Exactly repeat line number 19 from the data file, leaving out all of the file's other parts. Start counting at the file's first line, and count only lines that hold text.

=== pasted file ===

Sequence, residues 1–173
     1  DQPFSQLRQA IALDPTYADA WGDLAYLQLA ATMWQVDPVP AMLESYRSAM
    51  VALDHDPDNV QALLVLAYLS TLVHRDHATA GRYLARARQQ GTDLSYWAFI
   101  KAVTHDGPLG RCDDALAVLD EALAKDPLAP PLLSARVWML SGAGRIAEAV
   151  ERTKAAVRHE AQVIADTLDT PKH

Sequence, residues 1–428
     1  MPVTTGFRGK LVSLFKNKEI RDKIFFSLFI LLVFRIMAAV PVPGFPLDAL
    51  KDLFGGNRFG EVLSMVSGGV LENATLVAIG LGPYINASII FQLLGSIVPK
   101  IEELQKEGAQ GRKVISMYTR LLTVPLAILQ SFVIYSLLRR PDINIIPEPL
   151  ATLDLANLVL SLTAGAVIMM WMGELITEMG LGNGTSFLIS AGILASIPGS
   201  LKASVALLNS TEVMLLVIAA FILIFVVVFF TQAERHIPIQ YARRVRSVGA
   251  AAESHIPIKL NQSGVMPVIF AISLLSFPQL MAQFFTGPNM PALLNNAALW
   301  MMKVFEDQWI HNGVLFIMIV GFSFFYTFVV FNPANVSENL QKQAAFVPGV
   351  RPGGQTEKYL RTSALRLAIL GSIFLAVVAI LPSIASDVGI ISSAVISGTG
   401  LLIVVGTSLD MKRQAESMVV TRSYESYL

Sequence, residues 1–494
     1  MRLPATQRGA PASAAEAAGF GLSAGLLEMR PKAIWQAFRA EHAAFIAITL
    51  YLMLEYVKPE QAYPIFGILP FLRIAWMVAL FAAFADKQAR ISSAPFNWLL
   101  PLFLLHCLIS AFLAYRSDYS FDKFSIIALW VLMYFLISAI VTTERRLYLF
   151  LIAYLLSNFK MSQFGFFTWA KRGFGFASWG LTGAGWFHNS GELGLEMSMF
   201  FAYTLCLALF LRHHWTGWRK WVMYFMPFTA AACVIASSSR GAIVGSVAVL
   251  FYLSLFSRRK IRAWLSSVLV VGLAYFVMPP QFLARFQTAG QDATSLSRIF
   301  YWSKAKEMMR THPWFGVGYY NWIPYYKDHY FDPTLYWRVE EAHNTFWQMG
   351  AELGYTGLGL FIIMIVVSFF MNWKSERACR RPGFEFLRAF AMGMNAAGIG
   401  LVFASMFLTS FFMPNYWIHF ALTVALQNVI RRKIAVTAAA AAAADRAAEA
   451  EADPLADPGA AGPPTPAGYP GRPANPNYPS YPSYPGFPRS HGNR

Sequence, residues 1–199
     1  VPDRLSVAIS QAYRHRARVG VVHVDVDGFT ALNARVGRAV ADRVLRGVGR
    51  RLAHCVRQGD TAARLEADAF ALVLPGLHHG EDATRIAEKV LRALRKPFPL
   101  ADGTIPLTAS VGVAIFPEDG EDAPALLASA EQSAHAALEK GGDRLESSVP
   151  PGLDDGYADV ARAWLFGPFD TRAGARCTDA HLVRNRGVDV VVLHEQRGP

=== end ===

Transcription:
   101  PLFLLHCLIS AFLAYRSDYS FDKFSIIALW VLMYFLISAI VTTERRLYLF